Saint Rufina by Diego Velázquez on sale at Sotheby’s London

Diego Velázquez (1599-1660)
Saint Rufina
Oil on canvas - 77.2 x 64.6 cm
Sale Sotheby’s London on July 4, 2007
Photo : Sotheby’s London

15/06/2007 — Art Market — London, Sotheby’s — A Saint Rufina by Diego Velázquez (ill.) will be auctioned in early July in London. The work is already known since it was sold at Christie’s New York on January 29, 1999, where the present owner acquired it for $8.1 million. Nonetheless, the appearance of an authentic Velázquez on the market is always a rare event. Formerly attributed to Murillo, it is today acknowledged by the leading specialists, particularly Alfonso E. Pérez Sanchez. Only Jonathan Brown considers it possible that it might also be the work of one of Velázquez’s students, Juan Bautista Martínez del Mazo, who has only two known pieces.
The painting is dated about 1629-1630 by Pérez Sanchez, and 1632-1634 by Peter Cherry, who compares it to A Sybil from around 1631, belonging to the Prado. It has also been pointed out as similar to the Lady with a fan (about 1635) at the Wallace Collection. Whatever the date, the artist painted it after having left Seville for Madrid, even if the subject suggests that it might have been commissioned from someone in the Andalusian city. Rufina, along with her sister Justa, is the patron saint of Seville. Both martyrs, Rufina was decapitated for having refused to honor a picture of Venus. The bowl in her hands is worthy of the still-lifes painted in Velázquez’s early years.

We should remember that the Museo de Bellas Artes in Seville owns only two paintings by Velázquez, one of them Head of an Apostle only recently acquired. The association Velázquez para Sevilla, supported by the Friends of the Museum, has launched a drive to raise funds in order to purchase the painting. It seems almost hopeless given the price it is sure to reach (estimated at £6 to £8 million). They have turned to the government for help but Carmen Calvo, Minister of Cultural Affairs, stated that Spain would not attempt to acquire the painting for Seville, declaring that “you cannot do everything and an honest politician has to make choices”, emphasizing that she prefers to devote her budget to protecting the local heritage of the city (a museum extension, restoration of the Cathedral and of the Divino Salvador church,…).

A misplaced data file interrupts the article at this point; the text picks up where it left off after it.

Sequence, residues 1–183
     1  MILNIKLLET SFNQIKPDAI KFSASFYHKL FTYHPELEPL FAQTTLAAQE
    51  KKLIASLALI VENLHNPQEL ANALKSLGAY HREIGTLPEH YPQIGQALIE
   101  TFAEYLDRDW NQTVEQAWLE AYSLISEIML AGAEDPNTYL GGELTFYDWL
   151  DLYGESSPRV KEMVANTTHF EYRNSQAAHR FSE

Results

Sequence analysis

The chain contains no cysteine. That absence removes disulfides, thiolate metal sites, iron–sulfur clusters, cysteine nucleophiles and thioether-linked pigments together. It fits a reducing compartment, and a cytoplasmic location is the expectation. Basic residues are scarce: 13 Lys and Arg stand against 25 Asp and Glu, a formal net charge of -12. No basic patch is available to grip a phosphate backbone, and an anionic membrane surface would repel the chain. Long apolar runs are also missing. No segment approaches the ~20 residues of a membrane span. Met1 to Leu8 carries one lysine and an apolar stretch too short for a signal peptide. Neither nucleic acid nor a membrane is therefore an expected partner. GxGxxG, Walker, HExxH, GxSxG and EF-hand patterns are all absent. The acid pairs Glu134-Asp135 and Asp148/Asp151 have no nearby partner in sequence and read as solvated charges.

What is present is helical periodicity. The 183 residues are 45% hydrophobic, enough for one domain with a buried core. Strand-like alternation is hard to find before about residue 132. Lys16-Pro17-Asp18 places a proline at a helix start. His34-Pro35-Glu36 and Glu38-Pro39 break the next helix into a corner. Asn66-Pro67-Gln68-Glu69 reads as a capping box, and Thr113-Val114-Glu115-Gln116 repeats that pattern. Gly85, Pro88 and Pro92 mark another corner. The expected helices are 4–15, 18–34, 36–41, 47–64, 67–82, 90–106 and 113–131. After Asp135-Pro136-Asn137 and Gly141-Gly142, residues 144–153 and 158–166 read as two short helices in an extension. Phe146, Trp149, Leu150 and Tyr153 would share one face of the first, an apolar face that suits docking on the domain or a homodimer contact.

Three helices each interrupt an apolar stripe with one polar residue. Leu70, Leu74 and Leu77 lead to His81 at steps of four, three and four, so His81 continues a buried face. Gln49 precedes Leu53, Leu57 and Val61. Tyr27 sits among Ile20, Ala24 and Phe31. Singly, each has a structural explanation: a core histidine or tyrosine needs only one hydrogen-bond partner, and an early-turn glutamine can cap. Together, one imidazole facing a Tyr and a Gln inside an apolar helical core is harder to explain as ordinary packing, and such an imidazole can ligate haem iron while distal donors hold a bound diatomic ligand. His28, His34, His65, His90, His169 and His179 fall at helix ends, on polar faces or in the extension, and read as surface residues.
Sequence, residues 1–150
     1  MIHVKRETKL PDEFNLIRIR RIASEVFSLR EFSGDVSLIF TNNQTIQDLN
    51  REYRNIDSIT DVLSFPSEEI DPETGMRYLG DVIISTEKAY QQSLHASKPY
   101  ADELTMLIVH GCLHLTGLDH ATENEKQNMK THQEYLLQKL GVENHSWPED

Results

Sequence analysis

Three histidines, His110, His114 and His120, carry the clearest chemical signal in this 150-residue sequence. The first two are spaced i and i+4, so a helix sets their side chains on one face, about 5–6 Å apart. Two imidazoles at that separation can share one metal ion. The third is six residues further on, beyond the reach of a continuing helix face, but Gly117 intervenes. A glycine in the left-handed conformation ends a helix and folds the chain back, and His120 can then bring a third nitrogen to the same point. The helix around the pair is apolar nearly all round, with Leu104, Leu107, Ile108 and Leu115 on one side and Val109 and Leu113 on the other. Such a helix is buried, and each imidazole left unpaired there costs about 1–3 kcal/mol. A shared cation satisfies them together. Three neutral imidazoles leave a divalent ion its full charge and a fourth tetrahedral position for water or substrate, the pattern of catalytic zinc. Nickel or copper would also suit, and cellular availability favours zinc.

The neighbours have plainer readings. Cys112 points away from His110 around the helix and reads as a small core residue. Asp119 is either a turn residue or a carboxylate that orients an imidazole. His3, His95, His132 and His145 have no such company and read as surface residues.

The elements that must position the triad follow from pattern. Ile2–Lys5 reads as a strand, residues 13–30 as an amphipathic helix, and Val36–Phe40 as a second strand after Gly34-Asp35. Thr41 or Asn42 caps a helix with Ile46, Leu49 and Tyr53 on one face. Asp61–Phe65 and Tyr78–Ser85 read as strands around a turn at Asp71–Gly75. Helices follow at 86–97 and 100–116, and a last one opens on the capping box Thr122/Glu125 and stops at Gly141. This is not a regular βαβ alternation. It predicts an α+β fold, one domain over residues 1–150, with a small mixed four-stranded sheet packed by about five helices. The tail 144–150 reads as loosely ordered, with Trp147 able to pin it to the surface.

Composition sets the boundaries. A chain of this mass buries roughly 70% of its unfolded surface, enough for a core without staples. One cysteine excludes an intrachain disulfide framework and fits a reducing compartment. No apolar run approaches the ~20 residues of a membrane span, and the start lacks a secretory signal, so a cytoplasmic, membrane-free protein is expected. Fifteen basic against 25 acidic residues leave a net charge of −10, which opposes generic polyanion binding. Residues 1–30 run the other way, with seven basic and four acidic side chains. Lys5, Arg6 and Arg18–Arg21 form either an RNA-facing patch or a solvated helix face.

P.S. The painting has been bought by the Foundation Focus-Abengoa (see News of July 7, 2007)

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Didier Rykner, mardi 12 juin 2007

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